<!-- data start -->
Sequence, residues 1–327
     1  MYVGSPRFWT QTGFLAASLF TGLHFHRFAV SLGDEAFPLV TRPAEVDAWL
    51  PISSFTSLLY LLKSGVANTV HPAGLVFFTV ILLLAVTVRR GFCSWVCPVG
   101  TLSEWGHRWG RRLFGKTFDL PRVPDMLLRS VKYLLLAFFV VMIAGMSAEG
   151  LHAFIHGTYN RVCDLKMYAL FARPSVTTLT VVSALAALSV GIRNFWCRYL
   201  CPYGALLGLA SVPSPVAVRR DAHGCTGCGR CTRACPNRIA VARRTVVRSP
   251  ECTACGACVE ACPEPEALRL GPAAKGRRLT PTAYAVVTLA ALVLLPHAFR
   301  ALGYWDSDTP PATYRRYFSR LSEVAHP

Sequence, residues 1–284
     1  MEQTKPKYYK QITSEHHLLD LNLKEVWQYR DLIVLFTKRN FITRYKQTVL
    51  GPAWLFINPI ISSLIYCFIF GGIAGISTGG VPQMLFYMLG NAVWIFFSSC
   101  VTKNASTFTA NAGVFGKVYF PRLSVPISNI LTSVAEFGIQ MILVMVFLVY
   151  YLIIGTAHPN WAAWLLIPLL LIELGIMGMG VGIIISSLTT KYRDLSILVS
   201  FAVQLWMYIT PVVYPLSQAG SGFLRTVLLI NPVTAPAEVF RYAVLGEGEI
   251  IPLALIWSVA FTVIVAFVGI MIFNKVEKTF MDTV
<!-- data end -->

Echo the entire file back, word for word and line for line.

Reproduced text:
Sequence, residues 1–327
     1  MYVGSPRFWT QTGFLAASLF TGLHFHRFAV SLGDEAFPLV TRPAEVDAWL
    51  PISSFTSLLY LLKSGVANTV HPAGLVFFTV ILLLAVTVRR GFCSWVCPVG
   101  TLSEWGHRWG RRLFGKTFDL PRVPDMLLRS VKYLLLAFFV VMIAGMSAEG
   151  LHAFIHGTYN RVCDLKMYAL FARPSVTTLT VVSALAALSV GIRNFWCRYL
   201  CPYGALLGLA SVPSPVAVRR DAHGCTGCGR CTRACPNRIA VARRTVVRSP
   251  ECTACGACVE ACPEPEALRL GPAAKGRRLT PTAYAVVTLA ALVLLPHAFR
   301  ALGYWDSDTP PATYRRYFSR LSEVAHP

Sequence, residues 1–284
     1  MEQTKPKYYK QITSEHHLLD LNLKEVWQYR DLIVLFTKRN FITRYKQTVL
    51  GPAWLFINPI ISSLIYCFIF GGIAGISTGG VPQMLFYMLG NAVWIFFSSC
   101  VTKNASTFTA NAGVFGKVYF PRLSVPISNI LTSVAEFGIQ MILVMVFLVY
   151  YLIIGTAHPN WAAWLLIPLL LIELGIMGMG VGIIISSLTT KYRDLSILVS
   201  FAVQLWMYIT PVVYPLSQAG SGFLRTVLLI NPVTAPAEVF RYAVLGEGEI
   251  IPLALIWSVA FTVIVAFVGI MIFNKVEKTF MDTV